I also worked with Council to initiate a significant transit review that will evolve our thinking about how we deliver better transit service to Edmontonians – and give them a service that more people will actually want to use. Today, we are running a somewhat inefficient transit system that has two critical flaws – it is both expensive to run and sometimes unreliable to use. My hope is that this review – which will come back to Council next Spring – moves us to a ‘main line’ model of transit offering frequent, more direct service, thus giving many more Edmontonians options to leave their cars at home. Without transforming our transit system, a true urban shift will remain just out of our reach.
While we’re making strides in reallocating our transit resources, we do have a lot more work to do on active transportation in particular. Council will be discussing a new downtown bike grid next week, and with some of our larger planning efforts aligned, the timing is finally right to talk about building better bike lanes to bring more riders, just as we’ve seen in Calgary. In this vein, one of the first things I noticed when I came into office was the disconnect between the planning, design and construction functions in our city. We had transportation planners and urban planners not only working in separate buildings, but rarely talking together about what a better city could actually look like. As a result, we had a transit system that was operations-heavy but didn’t put enough emphasis on people. We designed roadways to move cars and pedestrians and cyclists were too often left in the dust.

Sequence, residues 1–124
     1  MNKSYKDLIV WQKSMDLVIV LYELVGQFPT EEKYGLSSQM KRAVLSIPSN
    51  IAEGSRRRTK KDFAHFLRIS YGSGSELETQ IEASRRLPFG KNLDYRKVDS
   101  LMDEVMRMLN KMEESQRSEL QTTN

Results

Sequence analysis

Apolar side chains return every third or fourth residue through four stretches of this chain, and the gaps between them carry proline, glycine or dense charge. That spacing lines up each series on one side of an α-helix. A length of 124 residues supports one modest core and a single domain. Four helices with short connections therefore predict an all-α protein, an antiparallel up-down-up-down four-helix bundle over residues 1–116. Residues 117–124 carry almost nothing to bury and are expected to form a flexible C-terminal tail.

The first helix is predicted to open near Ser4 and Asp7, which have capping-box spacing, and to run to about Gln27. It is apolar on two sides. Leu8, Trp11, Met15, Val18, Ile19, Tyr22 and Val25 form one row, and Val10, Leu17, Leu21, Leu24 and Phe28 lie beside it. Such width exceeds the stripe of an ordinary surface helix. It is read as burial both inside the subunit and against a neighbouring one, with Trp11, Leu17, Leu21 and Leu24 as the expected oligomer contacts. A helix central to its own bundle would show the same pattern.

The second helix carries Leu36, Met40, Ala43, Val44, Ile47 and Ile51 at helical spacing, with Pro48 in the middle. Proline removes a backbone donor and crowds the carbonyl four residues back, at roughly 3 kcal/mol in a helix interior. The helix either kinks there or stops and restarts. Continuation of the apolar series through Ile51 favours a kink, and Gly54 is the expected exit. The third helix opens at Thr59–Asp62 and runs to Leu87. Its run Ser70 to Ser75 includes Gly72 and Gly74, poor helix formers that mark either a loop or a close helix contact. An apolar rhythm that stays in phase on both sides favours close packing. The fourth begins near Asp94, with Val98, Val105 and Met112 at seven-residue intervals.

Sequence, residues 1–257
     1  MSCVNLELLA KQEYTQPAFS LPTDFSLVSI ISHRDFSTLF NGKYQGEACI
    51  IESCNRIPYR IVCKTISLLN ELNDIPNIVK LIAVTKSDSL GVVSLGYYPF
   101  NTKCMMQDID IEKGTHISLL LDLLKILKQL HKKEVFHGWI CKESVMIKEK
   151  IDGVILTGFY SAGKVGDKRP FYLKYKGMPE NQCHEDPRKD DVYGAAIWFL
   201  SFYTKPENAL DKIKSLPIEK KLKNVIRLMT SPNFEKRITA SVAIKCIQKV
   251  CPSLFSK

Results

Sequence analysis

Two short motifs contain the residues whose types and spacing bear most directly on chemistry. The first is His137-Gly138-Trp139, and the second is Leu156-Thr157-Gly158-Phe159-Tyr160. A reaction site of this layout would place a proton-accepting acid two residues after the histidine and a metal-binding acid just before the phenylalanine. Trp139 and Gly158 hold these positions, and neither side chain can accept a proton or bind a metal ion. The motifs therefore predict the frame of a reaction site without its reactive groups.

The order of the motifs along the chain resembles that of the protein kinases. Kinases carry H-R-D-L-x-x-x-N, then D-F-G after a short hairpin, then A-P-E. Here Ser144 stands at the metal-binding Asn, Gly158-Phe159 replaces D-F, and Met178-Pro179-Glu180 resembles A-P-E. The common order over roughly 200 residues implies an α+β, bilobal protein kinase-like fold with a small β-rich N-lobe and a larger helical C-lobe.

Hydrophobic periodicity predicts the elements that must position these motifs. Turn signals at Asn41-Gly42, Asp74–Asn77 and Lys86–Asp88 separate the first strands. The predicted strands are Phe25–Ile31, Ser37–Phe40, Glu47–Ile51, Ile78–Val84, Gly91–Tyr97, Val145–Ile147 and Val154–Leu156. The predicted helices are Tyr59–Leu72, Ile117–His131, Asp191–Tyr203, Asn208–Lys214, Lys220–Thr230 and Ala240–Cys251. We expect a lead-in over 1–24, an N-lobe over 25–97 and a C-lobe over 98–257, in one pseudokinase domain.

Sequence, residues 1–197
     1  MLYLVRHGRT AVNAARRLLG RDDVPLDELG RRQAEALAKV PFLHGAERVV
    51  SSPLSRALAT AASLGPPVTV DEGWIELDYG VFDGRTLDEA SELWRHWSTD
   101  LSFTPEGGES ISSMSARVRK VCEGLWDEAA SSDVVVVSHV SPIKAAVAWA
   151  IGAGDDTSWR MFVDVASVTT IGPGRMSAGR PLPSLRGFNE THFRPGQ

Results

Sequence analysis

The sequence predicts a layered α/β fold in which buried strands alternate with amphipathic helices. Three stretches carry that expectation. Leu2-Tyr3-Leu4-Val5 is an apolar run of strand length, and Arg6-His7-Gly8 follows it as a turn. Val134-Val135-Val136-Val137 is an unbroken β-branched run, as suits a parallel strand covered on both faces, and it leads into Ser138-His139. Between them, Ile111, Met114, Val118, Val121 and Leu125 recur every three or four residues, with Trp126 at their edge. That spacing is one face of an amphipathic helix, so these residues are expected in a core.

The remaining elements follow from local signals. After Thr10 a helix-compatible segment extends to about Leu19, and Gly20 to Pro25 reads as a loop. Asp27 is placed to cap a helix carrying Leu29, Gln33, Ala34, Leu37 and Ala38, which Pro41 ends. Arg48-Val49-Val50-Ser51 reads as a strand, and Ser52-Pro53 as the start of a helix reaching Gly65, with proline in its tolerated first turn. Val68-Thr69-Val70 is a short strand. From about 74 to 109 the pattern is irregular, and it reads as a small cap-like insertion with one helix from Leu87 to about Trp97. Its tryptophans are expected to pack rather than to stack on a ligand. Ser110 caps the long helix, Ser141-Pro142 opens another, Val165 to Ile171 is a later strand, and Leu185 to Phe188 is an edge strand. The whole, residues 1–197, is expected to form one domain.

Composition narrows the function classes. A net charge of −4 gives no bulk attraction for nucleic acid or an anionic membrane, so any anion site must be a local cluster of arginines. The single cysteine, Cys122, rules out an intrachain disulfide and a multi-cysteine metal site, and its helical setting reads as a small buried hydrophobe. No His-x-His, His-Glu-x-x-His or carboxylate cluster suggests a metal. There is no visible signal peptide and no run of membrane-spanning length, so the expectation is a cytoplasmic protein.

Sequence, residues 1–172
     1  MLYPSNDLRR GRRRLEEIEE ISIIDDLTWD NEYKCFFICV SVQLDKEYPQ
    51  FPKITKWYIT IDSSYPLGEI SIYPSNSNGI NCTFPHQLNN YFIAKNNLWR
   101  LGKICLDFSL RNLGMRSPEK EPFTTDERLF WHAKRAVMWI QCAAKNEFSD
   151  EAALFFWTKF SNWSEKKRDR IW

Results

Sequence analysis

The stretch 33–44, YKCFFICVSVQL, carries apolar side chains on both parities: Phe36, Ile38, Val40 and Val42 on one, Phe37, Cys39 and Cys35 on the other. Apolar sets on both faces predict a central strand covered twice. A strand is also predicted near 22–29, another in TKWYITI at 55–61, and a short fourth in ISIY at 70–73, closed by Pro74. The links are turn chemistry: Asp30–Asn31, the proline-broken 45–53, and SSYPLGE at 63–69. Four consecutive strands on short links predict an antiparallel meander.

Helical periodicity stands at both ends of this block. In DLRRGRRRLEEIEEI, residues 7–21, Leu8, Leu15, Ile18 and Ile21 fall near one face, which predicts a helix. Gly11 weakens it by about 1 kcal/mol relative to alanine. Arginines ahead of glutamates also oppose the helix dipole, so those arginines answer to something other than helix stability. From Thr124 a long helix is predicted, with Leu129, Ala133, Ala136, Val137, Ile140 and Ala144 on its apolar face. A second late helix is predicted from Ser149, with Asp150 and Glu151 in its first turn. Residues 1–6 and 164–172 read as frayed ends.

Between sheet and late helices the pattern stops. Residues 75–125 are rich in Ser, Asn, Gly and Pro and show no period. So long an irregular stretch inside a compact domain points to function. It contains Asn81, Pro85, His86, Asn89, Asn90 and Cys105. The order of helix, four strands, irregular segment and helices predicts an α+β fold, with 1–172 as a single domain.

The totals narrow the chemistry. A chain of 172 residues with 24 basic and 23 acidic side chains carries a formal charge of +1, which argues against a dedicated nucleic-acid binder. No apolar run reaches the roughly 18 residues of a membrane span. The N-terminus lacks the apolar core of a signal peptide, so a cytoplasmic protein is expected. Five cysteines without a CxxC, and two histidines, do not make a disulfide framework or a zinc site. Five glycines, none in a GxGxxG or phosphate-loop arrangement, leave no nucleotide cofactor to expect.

Thanks to a some changes in policy, structure and personnel, our municipality is recognizing that the Edmonton of tomorrow isn’t the Edmonton of 1950. And so we are in a better position than we’ve ever been to answer the most important question: how do we build a city for people?
Edmontonians expect more of their City Council than ever before and want to see us move quickly to get it done, so that’s emboldening. But without all the decisions and conditions in place – the ones I’ve just spoken about – the Edmonton we all imagine will not come to be.
Thankfully, there is a wonderful convergence of demographic, political and economic factors in front of us. We are one of the youngest cities in Canada with a diverse population, an entrepreneurial spirit, and an engaged public. It’s fair to keep asking more of your City Council, and I’ll keep doing the same.
Together our efforts are creating a real urban shift in Edmonton.